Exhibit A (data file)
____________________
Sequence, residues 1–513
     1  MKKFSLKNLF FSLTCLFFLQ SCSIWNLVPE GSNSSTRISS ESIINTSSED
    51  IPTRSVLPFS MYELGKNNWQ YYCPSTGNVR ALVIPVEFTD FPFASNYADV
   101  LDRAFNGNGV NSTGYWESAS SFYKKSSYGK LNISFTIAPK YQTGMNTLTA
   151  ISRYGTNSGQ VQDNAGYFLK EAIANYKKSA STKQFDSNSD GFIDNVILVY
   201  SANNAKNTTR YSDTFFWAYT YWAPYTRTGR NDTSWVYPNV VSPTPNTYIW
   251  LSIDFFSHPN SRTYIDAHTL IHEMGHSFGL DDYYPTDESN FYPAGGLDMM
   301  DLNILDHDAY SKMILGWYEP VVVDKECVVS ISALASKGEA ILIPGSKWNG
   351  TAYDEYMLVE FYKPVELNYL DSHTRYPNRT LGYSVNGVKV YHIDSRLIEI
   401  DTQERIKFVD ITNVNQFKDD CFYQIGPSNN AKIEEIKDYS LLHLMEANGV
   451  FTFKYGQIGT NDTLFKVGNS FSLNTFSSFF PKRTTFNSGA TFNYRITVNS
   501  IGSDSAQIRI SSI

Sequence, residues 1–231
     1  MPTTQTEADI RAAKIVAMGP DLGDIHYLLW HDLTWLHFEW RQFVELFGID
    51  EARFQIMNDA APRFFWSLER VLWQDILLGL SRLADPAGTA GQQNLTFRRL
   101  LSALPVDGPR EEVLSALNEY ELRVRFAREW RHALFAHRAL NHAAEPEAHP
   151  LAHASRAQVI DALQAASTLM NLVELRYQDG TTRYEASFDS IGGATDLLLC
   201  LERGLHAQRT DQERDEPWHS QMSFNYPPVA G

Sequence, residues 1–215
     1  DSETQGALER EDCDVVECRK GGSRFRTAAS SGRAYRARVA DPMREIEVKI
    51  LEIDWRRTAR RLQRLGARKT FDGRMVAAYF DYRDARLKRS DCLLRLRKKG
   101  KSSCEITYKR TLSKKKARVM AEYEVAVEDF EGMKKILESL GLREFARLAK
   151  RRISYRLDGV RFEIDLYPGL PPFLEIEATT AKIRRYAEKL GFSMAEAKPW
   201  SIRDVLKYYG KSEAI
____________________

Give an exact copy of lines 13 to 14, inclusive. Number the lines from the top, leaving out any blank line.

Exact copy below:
Sequence, residues 1–231
     1  MPTTQTEADI RAAKIVAMGP DLGDIHYLLW HDLTWLHFEW RQFVELFGID